Tag Archives: Plato

The Community of Believers

Pentecost

Today’s first reading at Mass describes the early Christian community in glowing terms: “The community of believers was of one heart and mind, and no one claimed that any of his possessions was his own but they had everything in common. With great power the Apostles bore witness to the resurrection of the Lord Jesus, and great favor was accorded them all. There was no needy person among them, for those who owned property or houses would sell them, bring the proceeds of the sale, and put them at the feet of the Apostles, and they were distributed to each according to need.(Act 4, 32-37)

This description of community and an earlier one from Acts 2, 33-47 are important sources for Catholic social teaching and have influenced Christians over the centuries in their thinking  about community–whether it’s the world community, the community of the church, the parish, or the family. Religious communities especially are driven by this ideal. 

In a society like ours where so much wealth and power are concentrated in the hands of so few, where excessive individualism is so strong, this ideal is surely worth considering. 

A note in the New American Bible, however, cautions that Luke is painting a “somewhat idyllic” picture of the early Christian community. Idyllic means idealized, even unsustainable. In other words, given human nature, the early Christian community never measured up altogether to the picture Luke paints.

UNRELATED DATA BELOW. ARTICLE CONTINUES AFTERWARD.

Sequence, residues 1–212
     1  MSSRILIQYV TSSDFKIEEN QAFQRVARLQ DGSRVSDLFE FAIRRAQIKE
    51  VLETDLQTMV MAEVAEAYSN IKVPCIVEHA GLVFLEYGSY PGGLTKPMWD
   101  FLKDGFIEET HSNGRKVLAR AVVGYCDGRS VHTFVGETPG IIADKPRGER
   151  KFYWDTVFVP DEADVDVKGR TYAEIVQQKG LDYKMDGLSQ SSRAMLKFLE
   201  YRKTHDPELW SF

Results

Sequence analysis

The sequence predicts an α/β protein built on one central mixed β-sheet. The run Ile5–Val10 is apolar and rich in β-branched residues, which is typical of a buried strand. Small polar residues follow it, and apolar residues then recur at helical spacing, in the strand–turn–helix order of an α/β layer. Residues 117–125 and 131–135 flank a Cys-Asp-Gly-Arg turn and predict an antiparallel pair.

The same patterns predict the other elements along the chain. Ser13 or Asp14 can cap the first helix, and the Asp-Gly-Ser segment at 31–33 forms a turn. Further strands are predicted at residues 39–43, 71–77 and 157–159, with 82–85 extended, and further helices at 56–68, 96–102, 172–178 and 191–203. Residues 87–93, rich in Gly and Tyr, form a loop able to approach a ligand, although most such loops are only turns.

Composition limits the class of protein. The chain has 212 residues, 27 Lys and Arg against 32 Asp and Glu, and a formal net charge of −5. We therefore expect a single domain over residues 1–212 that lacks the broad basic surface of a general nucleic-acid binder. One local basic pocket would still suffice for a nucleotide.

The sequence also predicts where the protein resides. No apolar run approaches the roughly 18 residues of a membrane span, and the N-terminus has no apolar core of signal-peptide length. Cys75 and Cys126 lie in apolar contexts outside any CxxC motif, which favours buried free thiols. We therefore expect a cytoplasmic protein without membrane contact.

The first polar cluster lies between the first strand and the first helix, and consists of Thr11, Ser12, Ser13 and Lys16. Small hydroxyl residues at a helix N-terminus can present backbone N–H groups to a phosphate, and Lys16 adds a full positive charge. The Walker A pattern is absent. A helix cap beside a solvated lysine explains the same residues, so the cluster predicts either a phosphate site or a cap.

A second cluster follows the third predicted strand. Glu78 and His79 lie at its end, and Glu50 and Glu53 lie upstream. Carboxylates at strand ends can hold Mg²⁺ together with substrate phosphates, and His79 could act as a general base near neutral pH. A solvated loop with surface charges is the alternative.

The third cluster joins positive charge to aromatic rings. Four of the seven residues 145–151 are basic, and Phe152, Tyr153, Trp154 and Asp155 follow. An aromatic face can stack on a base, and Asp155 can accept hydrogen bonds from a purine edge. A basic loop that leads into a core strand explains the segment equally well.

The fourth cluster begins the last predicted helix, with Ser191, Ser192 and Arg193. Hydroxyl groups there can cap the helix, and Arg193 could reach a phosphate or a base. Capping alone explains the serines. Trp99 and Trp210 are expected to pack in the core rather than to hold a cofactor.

The commentator Luke Timothy Johnson suggests Luke’s glowing picture might be influenced by the Hellenistic writers of his time– like Plato–who describes the early days of Athens as a time when “none of its members possessed any private property but they regarded all they had as the common possession of all.” Early writers also also put great stock in friendship; people of “one heart and mind become builders of community. ” (The Acts of the Apostles. Sacra Pagina, Collegeville, Min 1992 p. 62)

In reading Luke’s description of the Christian community, then, we need to avoid the temptation to look for utopias. We can’t expect perfect communities anywhere. They don’t exist here on earth. Nor should we think they existed in the past and all has gone downhill since. That’s  “Golden Age” thinking.

At the same time, though, we can’t give up on the ideal Luke presents and say it’s unreal. It’s an ideal to be aimed at, a norm to measure ourselves and the communities we belong to. Not to strive for Luke’s ideal is to lose faith in the mystery of the resurrection. Jesus taught us to pray”Your kingdom come on earth as it is in heaven.” We have to pray for and work for God’s kingdom to come now, here and now.

Friday Thoughts: School of Athens

by Howard Hain
Raphael School of Athens Vatican Museum

Raphael, “School of Athens”, 1509-11, Vatican Museums, Raphael’s Rooms, Room of the Segnatura


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I see you there

Somewhere near the back

Hiding

Thinking no one can see

A priest

A prophet

A king to be

———

Socrates?

A profile

Like the head on a coin

Another good man

Snubbed for what he knows

Can’t see your face

Not fully

Say the least

Though perhaps

We too would die

A drop of hemlock

Is hard to swallow

———

Like that fine-feathered friend

All philosophers are

Little birds

Not too fat to fly

Aerial feeders

Circumventing the globe

Following truth

Wherever it go

———

Plato?

Yes

Now you

We see for sure

After all

Like a son

You and Socrates

Your father figure

Setting up shop

Hanging out

A common shingle